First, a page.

NEW DELHI: In a step to “reinstate the honour of a fallen enemy soldier”, the Indian Army has restored the grave of a decorated Pakistani officer killed during a clash along the Line of Control (LoC) almost half-a-century ago.
Major Mohd Shabir Khan was killed in a fierce clash with troops of the 9 Sikh Regiment in Naugam sector along the LoC on May 5, 1972. Pakistan awarded him its third highest military decoration, the ‘Sitara-e-Jurat’ medal, recognising his gallantry.
In keeping with the best military traditions, the 2 Maratha Light Infantry battalion of the Indian Army, which was later deployed in the forward location, had constructed a grave for the fallen Pakistani officer there.
“The grave had got badly damaged due to vagaries of weather and incessant shelling over time. The grave has now been restored. A fallen soldier, irrespective of the country he belongs to, deserves respect and honour in death. The Indian Army stands by this belief,” an officer said on Friday.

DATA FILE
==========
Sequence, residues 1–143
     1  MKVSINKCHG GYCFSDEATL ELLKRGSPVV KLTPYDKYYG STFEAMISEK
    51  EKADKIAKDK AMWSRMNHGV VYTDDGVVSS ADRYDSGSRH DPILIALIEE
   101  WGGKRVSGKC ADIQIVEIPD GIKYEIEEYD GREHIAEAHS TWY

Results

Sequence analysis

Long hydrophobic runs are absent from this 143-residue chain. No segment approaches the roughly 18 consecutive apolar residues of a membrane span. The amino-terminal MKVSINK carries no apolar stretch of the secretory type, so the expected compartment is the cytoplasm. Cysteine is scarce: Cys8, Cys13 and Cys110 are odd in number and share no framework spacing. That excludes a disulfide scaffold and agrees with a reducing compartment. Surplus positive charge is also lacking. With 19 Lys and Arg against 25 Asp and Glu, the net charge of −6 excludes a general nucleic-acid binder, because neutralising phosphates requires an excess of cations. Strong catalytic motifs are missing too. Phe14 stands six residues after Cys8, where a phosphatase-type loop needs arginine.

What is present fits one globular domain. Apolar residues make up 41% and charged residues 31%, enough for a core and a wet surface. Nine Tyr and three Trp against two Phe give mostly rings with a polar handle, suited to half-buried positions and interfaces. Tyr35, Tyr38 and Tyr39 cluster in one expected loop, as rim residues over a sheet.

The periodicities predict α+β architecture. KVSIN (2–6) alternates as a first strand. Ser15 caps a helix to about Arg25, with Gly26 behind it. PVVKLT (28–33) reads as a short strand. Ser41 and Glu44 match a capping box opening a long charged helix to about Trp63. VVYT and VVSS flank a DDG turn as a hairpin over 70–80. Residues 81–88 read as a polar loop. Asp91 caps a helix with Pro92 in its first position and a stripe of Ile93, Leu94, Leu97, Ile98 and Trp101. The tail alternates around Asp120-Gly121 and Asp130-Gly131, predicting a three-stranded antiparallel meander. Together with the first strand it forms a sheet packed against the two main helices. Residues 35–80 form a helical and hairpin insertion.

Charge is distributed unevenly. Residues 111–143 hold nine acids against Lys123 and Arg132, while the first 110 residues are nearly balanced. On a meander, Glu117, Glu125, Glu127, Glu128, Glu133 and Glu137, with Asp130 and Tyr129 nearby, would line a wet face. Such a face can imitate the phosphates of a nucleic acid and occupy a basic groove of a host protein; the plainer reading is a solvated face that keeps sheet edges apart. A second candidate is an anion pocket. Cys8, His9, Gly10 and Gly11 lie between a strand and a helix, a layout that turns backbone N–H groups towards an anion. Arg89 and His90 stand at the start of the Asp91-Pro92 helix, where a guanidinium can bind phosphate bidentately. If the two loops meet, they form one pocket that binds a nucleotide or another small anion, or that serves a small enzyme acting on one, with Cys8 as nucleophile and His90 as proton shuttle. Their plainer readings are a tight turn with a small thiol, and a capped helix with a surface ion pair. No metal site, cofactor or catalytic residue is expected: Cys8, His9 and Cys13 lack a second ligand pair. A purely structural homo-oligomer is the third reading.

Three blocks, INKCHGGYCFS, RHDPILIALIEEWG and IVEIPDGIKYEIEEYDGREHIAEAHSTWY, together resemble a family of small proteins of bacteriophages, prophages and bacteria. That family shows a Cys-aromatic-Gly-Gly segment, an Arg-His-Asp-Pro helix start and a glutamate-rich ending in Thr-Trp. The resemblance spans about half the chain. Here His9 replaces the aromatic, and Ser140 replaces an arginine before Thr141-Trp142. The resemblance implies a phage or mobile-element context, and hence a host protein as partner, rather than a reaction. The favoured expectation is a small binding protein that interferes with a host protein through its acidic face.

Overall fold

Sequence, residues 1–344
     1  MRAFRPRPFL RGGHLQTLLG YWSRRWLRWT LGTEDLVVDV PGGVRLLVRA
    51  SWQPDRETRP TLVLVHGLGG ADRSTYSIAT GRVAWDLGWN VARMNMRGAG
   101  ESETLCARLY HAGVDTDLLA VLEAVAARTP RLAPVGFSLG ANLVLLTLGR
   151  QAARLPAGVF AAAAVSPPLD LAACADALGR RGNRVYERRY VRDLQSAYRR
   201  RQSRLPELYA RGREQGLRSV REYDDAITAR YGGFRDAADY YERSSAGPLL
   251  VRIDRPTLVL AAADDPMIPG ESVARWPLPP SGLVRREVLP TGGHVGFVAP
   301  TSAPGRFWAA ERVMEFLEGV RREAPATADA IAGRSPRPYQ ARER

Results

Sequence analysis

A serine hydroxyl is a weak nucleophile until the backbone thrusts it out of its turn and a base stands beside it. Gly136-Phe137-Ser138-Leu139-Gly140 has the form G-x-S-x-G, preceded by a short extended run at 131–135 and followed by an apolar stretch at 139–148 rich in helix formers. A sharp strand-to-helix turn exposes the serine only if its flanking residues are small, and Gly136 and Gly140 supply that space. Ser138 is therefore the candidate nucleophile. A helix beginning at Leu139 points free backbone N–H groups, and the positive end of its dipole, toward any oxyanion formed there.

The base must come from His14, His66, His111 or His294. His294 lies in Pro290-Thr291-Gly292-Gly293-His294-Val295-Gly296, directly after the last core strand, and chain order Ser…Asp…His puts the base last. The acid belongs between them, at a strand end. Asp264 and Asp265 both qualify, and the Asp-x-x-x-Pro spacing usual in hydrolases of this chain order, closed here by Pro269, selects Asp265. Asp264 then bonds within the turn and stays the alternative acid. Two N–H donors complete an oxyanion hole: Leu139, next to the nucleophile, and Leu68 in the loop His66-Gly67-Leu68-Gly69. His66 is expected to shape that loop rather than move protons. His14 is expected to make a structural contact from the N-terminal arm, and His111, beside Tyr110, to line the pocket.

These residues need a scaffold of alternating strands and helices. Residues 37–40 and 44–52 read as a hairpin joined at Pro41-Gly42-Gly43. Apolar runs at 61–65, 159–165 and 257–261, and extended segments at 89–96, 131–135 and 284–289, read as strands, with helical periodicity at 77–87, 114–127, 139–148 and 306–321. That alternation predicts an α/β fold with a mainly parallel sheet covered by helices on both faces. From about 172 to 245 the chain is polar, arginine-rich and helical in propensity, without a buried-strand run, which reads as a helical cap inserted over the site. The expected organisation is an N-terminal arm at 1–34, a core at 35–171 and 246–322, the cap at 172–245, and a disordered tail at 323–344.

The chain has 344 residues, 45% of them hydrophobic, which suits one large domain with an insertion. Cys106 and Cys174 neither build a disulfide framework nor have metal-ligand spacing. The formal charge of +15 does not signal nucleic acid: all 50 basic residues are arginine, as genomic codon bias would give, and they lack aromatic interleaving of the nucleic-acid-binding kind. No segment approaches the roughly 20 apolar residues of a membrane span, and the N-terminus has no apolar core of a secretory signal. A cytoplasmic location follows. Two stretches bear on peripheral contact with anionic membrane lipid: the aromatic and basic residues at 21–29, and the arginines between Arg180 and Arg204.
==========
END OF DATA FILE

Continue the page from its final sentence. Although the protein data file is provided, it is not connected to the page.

The Indian Army had treated the bodies of Pakistani soldiers with full respect during the Kargil conflict in 1999, though Islamabad sought to portray them as “irregulars” or militants. “We kept alive these ethics and values during Kargil. We returned the bodies of their soldiers whenever they were accepted by Pakistan. The rest were buried with proper honours,” said General V P Malik (retired), the then Army chief.
The restoration of the grave comes at a time when the 778-km long LoC is extremely volatile, with heavy cross-border shelling being exchanged between the two armies.